New Faculty

 

John Hart

John Hart, Associate Professor

During his six years at the University of Michigan, Associate Professor John Hart established a leading research group focused on creating new manufacturing technologies for micro- and nanostructured materials, and for their assemblage and integration at larger scales. Most notably, his research group made signature innovations toward the scalable manufacturing of materials incorporating aligned carbon nanotubes (CNTs). Their groundbreaking understanding of how CNTs can be manipulated into 3D shapes by capillary forces enables robust and repeatable assembly of CNTs for use in micromechanical devices and as a platform for the engineering of textured surfaces and high-performance interfaces. Moreover, working with graduate students and undergraduate design teams, Professor Hart has led the realization of several award-winning machines and instruments, including those for efficient roll-to-roll chemical vapor deposition, high-speed manufacturing of nanocomposite thin films, and micro-scale 3D printing of colloids. His work has been recognized by two R&D 100 Awards, a CAREER Award from the NSF, and Young Investigator Awards from DARPA, the Air Force, and the Navy.

Mathias Kolle

Mathias Kolle, Assistant Professor

Assistant Professor Mathias Kolle earned his PhD in physics at the Cavendish Laboratories at Cambridge University in 2010, followed by work as a postdoctoral researcher at Harvard University in the School of Engineering and Applied Sciences. His past research was focused on the manufacture of novel photonic structures, optical instrumentation and modeling, biological light manipulation strategies, and material science. In his current research, he explores biological photonic systems and the engineering and application of bio-inspired dynamic photonic materials. His scientific background and interests include bioimaging, optical sensing technologies, nanophotonics, photovoltaics, x-ray nanotomography, and plasmonic materials. Professor Kolle’s dissertation was published in the Springer series “Springer Theses: Recognizing Outstanding PhD Research.” He also received the dissertation prize from the German Physical Society for the best PhD in the field of condensed matter (2010) and the Salje Medal of Clare Hall College, Cambridge, for the best PhD in the sciences.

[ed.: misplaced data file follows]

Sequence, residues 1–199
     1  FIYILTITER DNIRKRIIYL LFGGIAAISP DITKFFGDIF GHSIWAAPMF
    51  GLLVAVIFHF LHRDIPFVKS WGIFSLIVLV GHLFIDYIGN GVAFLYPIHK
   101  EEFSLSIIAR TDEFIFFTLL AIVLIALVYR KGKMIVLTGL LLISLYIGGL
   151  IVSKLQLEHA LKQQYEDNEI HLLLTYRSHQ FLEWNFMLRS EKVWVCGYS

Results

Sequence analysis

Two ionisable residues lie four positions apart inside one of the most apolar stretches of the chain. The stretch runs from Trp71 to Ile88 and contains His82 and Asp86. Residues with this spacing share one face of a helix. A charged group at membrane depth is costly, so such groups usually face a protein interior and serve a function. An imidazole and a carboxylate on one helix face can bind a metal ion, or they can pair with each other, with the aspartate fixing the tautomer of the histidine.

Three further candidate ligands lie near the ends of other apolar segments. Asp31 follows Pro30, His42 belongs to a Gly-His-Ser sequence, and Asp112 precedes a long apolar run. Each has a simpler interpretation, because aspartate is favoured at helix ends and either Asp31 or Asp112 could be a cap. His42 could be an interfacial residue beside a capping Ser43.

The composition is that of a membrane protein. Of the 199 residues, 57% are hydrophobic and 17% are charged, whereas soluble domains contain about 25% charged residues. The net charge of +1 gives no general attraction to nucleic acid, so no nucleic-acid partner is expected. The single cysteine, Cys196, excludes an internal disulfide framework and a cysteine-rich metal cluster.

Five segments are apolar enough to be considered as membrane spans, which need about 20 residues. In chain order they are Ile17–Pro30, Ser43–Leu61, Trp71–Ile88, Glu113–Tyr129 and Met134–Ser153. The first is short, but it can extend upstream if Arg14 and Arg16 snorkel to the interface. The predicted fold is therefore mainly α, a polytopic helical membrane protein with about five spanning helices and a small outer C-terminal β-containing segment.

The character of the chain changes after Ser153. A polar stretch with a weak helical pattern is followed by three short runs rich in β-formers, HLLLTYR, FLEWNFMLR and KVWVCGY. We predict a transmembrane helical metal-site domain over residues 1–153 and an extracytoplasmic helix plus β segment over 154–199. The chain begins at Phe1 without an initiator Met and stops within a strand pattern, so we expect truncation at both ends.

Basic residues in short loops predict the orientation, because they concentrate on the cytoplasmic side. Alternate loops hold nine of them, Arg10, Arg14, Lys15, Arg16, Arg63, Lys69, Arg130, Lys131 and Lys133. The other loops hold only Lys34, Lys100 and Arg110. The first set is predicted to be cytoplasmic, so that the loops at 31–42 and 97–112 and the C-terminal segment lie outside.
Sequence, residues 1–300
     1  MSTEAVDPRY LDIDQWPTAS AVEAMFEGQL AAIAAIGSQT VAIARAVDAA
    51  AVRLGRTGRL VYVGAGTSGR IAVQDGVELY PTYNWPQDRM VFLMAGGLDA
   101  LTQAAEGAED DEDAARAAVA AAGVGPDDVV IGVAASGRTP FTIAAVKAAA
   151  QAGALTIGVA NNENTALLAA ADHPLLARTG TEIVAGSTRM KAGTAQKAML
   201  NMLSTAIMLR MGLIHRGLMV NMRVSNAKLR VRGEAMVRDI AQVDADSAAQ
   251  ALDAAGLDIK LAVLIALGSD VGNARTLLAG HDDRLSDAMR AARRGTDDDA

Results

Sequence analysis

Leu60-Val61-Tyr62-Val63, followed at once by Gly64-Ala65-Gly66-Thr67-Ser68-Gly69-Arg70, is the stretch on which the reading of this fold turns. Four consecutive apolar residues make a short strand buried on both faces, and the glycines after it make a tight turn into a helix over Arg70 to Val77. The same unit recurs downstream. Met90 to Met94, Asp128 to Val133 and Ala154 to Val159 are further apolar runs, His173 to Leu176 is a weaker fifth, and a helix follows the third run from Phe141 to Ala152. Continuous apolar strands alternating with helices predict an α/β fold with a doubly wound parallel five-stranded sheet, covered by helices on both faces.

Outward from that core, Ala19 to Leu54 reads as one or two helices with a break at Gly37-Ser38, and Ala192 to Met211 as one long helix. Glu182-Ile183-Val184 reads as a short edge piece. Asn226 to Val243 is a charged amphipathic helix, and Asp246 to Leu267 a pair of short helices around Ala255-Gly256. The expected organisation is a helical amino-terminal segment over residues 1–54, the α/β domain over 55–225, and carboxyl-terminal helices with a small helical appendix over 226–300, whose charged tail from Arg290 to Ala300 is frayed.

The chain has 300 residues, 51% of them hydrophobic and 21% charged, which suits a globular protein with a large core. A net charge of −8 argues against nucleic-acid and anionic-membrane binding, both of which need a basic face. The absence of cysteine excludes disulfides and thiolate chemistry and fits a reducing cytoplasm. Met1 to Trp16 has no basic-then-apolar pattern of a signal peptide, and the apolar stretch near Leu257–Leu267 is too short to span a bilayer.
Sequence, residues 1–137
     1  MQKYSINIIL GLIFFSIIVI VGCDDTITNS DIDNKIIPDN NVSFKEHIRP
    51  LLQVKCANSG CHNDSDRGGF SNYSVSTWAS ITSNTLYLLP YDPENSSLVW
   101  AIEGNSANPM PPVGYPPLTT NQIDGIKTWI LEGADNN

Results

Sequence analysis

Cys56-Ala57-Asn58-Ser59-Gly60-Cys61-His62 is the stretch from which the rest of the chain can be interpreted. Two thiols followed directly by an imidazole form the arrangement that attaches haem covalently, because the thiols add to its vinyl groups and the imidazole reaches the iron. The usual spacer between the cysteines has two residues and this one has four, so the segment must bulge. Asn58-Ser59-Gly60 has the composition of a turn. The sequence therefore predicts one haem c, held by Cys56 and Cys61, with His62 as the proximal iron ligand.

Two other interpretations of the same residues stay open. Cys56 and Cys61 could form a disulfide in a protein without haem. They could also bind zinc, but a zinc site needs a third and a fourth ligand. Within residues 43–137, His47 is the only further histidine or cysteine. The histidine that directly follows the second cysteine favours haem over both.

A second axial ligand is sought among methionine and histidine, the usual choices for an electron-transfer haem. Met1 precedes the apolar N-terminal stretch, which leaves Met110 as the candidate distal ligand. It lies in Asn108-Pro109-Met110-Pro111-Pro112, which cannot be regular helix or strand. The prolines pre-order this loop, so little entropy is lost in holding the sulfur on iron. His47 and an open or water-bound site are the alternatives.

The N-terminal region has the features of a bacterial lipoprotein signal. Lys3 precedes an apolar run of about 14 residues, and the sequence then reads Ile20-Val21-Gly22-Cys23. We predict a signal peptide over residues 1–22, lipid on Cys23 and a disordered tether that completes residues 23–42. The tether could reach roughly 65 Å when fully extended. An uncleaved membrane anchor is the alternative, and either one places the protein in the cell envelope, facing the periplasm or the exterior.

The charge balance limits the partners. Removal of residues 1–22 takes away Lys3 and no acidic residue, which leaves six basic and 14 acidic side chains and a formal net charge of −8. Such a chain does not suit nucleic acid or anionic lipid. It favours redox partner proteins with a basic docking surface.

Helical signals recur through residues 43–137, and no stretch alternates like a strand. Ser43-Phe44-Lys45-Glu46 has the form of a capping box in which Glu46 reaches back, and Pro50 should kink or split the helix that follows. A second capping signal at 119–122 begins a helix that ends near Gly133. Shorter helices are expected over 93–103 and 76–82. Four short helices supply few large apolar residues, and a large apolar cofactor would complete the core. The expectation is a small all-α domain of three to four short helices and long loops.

Themis Sapsis

Themis Sapsis, American Bureau of Shipping Career Development Assistant Professor

Assistant Professor Themis Sapsis graduated from the National Technical University of Athens where he earned his diploma in naval architecture and marine engineering in 2005. He began his graduate studies at MIT in 2006, earning his PhD in mechanical engineering in 2010 under the supervision of Professors Pierre Lermusiaux and George Haller. Professor Sapsis’s research is in the areas of stochastic dynamics with applications to the general area of ocean engineering, including uncertainty quantification of engineering flows, probabilistic prediction of extreme events in nonlinear waves, passive protection configurations for mechanical systems, and energy harvesting from ambient vibrations. As an MIT student, he was named the George and Marie Vergottis MIT Presidential Fellow. Professor Sapsis has also twice received the European Union’s Marie Curie Fellowship, and he received the Best Paper Award for Young Scientists at the Chaotic Modeling and Simulation Conference in 2009.